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Hindustan Unilever’s business strategy is driven by the notion of making sustainable living affordable for the public. 

Hindustan Unilever’s beauty and personal care division contributes the most to business profits, while the division for food and beverages is acknowledged as having the fastest expansion rate. The third of the company’s three main segments is home care.

The global reach of Hindustan Unilever and its track record of improving value for customers all around the world provide the firm with a competitive advantage.

Some of the business models of HUL are:

  • Reverse Innovation

The process of creating items for industrialised nations and then modifying them for emerging markets is known as reverse innovation. The secret weapon of HUL, which has served as a major source of inspiration for many other major businesses, is reverse innovation. The “Knorr Stock Pot” that the company created illustrates how to use reverse innovation. HUL perfected this strategy by drawing inspiration from the well-known “Dense Soup Treasure,” the first instance of reverse innovation introduced in China in 2007.

  • Focussing on the financially weak

HUL decided to focus on the economically weaker regions of the nation, which led them to focus on the bulk of the Indian market, in contrast to the other foreign companies. One instance of Hindustan Unilever producing goods for most Indian consumers is the invention of Wheel detergent powder. Wheel’s lower oil-to-water ratio allowed Indians to handwash fabrics in even rivers. The business then effectively made Wheel accessible in neighbourhood corner stores and through door-to-door salespeople.

  • Staying keen on the Triple Bottom Line

HUL has a new strategy where the brand decided to aim for the other parts, thereby caring for people and the environment. In contrast, most businesses focus on the profit element of the Triple Bottom Line with little attention to the other segments. 

HUL places a strong emphasis on people, including its customers and other individuals. For instance, in response to the All Black Lives Matter movement that swept the globe, the company altered the name of one of its well-known products from “Fair and Lovely” to “Glow and Lovely.” This made HUL a fan right away!

  • Significant Distribution Strategy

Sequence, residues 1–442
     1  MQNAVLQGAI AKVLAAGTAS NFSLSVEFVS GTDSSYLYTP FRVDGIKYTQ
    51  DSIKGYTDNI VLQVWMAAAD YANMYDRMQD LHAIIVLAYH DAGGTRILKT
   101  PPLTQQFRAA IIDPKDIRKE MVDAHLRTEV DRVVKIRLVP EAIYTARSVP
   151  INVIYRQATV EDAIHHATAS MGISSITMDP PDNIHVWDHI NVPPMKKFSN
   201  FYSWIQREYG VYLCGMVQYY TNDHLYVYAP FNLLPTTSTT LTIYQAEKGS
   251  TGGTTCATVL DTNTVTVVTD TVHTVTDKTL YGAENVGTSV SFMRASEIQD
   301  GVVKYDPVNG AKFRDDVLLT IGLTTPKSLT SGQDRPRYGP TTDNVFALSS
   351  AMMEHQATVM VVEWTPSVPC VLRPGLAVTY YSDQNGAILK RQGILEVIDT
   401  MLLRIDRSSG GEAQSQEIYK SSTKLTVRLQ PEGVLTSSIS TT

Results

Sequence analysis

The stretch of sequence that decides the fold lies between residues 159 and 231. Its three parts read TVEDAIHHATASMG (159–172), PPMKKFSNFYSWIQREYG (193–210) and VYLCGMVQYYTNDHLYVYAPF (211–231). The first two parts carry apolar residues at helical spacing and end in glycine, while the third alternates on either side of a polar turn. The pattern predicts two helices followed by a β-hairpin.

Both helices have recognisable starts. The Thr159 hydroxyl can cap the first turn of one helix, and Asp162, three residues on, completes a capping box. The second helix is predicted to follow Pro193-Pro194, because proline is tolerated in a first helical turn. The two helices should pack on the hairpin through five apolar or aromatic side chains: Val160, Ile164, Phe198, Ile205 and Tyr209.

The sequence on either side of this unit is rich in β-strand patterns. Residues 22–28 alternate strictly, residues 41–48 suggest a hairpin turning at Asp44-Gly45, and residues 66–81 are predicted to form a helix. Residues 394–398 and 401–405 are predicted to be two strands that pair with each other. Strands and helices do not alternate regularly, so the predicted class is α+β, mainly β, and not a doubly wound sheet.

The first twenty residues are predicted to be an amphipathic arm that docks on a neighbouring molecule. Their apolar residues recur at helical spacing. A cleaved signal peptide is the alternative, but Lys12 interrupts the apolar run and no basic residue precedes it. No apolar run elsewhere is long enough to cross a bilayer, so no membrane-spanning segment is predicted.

Hindustan Unilever uses an excellent distribution strategy! It emphasises e-commerce, retail stores, wholesalers, convenience stores, hypermarkets, and more. This greatly aids in promoting HUL products and getting them in front of customers quickly!


Business Growth In India

Hindustan Unilever Limited (HUL), a major FMCG company, reported a 15.98 per cent increase in consolidated net benefit at Rs 6,060 crore for the fiscal year that ended on March 31, 2019 compared to Rs 5,225 crore in 2018. HUL’s FY21 net profit, which was Rs 7,954 crore, increased by 18% YoY.

Sanjiv Mehta, the chairman and managing director of HUL, commented on the earnings by saying, “Despite some balance in the development of the rural market, we were able to deliver a strong performance for the quarter. Our efforts to strengthen the centre and improve the business sector have consistently produced excellent results. Our 2019 results were a testament to our strategy and execution, and we have now developed top line and the main concern for the eighth consecutive year.”

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“The large-scale financial pointers have set the direction of short-term advertising development. Despite this, the outlook for the medium term is still favourable. As a group, we are in a good position to respond quickly and nimbly to the needs of our clients. We remain committed to implementing our crucial aim to deliver predictable, targeted and reliable development,” he included.

The firm stated that the total profit for the financial year ended on March 31, 2019, comes out to Rs. 22 for each offer. This includes the between-time profit of Rs. 9 for each offer. HUL reported in a document to the Bombay Stock Exchange that “Combined income for 2018-19 remained at Rs 39,860 crore, up from Rs 36,622 crore a year earlier.” 

HUL expanded by 12 per cent in India thanks to volume growth in home advertising by 10%. Comparing the January-March quarter to the same quarter a year prior, the organisation reported a 13.84 per cent increase in its independent net benefit at Rs 1,538 crore. The company’s offers remained at Rs 9,809 crore in Q4FY19, up from Rs 9,003 crore in Q4FY18, representing an 8.95 per cent growth. Working profit (EBITDA) increased by 13 per cent yearly to Rs 2,321 crore, and the EBITDA edge increased by 90 basis points.

Challenges Ahead Of Hindustan Unilever

According to the company, the edge improved due to careful management of cost instability (unrefined and money-driven), improved mix, and working influence.

Earnings before interest, taxes, depreciation, and amortisation (EBITDA) for HUL were reported to be Rs 11,324 crore, with a claimed EBITDA margin of 25% for FY21.

Due to value increases across all classes, Hindustan Unilever NSE 0.01 per cent (HUL) may achieve 9–10% growth in the June quarter benefit despite a slight volume balance. IIFL Institutional Equities anticipates the FMCG industry leader reporting a volume development of 6%, a modest decrease from the volume development of 7% seen in the last quarter.

“We project a 6% rise in volume and account for transaction growth of 7% for near-home consideration components and 11% for house consideration components. The research suggested that EBITDA edges would increase to 24.3 per cent from 23.7 per cent the year before due to lower advertising spending and control over many overheads. According to Edelweiss, income, Ebitda, and benefit development are expected to be 7.3%, 8.6%, and 7.7% YoY, respectively.

“We expect HUL’s volume to increase by 5% YoY on a strong foundation of YoY improvement. GST distribution impacted Q1FY18; thus, the best way to look at volume growth is to use the three-year average, which will be 5.6 per cent. The delicate quality that was present in the second half of Q4FY19 continued for the entire quarter in Q1FY20. Presently, provincial development is at a par with urban development. A 2.5 per cent mixed value increase has been made. On the EBITDA edge front, we see a 20–30 bps YoY growth,” the business said.

edited and proofread by nikita sharma